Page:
Estimated Enrollment: 10
Study Start Date: April 2013
Estimated Study Completion Date: December 2014
Estimated Primary Completion Date: April 2014 (Final data collection date for primary outcome measure)
Arms Assigned Interventions
Experimental: adipose tissue grafting Procedure: adipose tissue grafting

Detailed Description:

The objective of this study was to evaluate the one hand, tolerance, in terms of pain and side effects, and secondly, the effectiveness of this therapeutic approach, in terms of healing of the ulcer assuming a decrease in the size of the estimated at least 40% at 3 months wound. The objective also covers the measurement of changes in the appearance of the wound, with an expected decrease of relative areas of fibrin and necrosis. The percentage of wound healing and wound area was measured at each visit, a curve will be performed for each patient to assess the speed of healing and the appearance of the wound will be notified.

  Eligibility

Ages Eligible for Study:   18 Years and older
Genders Eligible for Study:   Both
Accepts Healthy Volunteers:   No
Criteria

Inclusion Criteria:

  • Patients over 18 years with a necrotic ulcer or angiodermatitis Martorell.
  • Recipient of the system of social security.
  • Ulceration sudden onset peripheral Livedoid border, on superficial leg without bone or tendon exposure.
  • IPS Index (systolic pressure)> 0.8 with pedal pulses.
  • Wound area less than 300 cm2 surface measurement with Canvas ® software from a photograph of the wound next to which there is a calibration strip.
  • Patients with hypertension.
  • Patient was informed of the study and having signed an informed consent.

Exclusion Criteria:

  • Severe distal arteritis (arteritis of large arteries).
  • Histological vasculitis.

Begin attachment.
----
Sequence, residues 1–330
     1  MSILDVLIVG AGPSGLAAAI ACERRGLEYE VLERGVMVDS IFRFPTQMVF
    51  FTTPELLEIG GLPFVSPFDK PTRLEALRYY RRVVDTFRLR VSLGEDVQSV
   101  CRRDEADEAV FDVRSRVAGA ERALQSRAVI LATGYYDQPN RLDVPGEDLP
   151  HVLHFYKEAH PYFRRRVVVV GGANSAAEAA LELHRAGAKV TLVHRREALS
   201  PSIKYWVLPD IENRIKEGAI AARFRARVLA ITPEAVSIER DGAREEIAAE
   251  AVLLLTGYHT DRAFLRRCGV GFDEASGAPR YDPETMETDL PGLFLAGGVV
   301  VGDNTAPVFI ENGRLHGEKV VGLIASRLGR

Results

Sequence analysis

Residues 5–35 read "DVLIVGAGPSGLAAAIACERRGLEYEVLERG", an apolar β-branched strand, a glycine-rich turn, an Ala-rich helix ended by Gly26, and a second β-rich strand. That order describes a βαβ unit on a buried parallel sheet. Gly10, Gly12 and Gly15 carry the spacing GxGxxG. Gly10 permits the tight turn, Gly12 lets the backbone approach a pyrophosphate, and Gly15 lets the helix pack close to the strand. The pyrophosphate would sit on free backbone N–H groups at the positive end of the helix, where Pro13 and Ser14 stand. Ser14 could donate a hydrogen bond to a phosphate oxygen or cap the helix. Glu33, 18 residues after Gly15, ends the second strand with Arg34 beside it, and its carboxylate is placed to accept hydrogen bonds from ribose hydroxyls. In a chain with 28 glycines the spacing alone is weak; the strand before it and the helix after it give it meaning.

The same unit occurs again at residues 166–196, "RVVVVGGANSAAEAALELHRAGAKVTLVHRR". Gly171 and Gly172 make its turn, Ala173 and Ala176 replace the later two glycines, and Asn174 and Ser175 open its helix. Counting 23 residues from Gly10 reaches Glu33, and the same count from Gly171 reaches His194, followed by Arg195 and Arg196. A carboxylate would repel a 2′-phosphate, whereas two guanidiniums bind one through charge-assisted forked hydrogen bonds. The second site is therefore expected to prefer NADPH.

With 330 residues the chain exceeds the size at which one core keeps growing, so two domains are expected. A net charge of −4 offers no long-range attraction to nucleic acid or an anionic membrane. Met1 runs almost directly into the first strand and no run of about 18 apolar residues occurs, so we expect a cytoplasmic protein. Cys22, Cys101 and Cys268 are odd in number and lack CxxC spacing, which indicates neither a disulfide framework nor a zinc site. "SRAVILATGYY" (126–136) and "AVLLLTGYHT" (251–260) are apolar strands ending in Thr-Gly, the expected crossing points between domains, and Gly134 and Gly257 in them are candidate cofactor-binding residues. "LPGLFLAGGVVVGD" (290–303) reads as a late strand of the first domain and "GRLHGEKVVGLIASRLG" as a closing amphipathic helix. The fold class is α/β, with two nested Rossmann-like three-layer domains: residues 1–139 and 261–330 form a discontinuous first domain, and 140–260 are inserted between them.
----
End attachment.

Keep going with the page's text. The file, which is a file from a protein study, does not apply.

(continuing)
• Collagen (THE BY, scleroderma).
  • Blood Pathology: Cryoglobulinemia, Polycythemia.
  • Hepatitis A, B and C, HIV and syphilis infection
  • Thrombophilia (search for markers during the initial assessment in patients with a history of phlebitis or miscarriage).
  • Hyperthyroidism.
  • Patient treated with Hydrea (favoring the occurrence of ulcers).
  • Patient participating in another study to treat the wound concerned.
  • Topics minors, pregnant women, persons deprived of liberty, adults under legal protection unable to consent.
  Contacts and Locations
Choosing to participate in a study is an important personal decision. Talk with your doctor and family members or friends about deciding to join a study. To learn more about this study, you or your doctor may contact the study research staff using the Contacts provided below. For general information, see Learn About Clinical Studies.

Please refer to this study by its ClinicalTrials.gov identifier: NCT01932021

Contacts
Contact: Anne Dompmartin-Blanchère +33 2 31 27 25 09 dompmartin-a@chu-caen.fr
Contact: Marianne Chopinaud +33 6 85 82 29 42 mariannechopinaud@hotmail.com

Locations
France
University Hospital, Caen Recruiting
Caen, France, 14 000
Contact: Anne Dompmartin    +33 2 31 27 25 09    dompmartin-a@chu-caen.fr   
Contact: Marianne Chopinaud    +33 6 85 82 29 42    mariannechopinaud@hotmail.com   
Principal Investigator: Anne Dompmartin, MD         
Sponsors and Collaborators
University Hospital, Caen
Investigators
Principal Investigator: Anne Dompmartin, MD University Hospital, Caen
  More Information

No publications provided

Responsible Party: University Hospital, Caen
ClinicalTrials.gov Identifier: NCT01932021     History of Changes
Other Study ID Numbers: 2012-A01613-40
Study First Received: April 18, 2013
Last Updated: April 8, 2014
Health Authority: France: Afssaps - Agence française de sécurité sanitaire des produits de santé (Saint-Denis)

Keywords provided by University Hospital, Caen:
necrotitis angiodermatitis
autologous fat transplantation
mesenchymal stem cells

Additional relevant MeSH terms:
Ulcer
Skin Ulcer
Pathologic Processes
Skin Diseases

ClinicalTrials.gov processed this record on September 16, 2014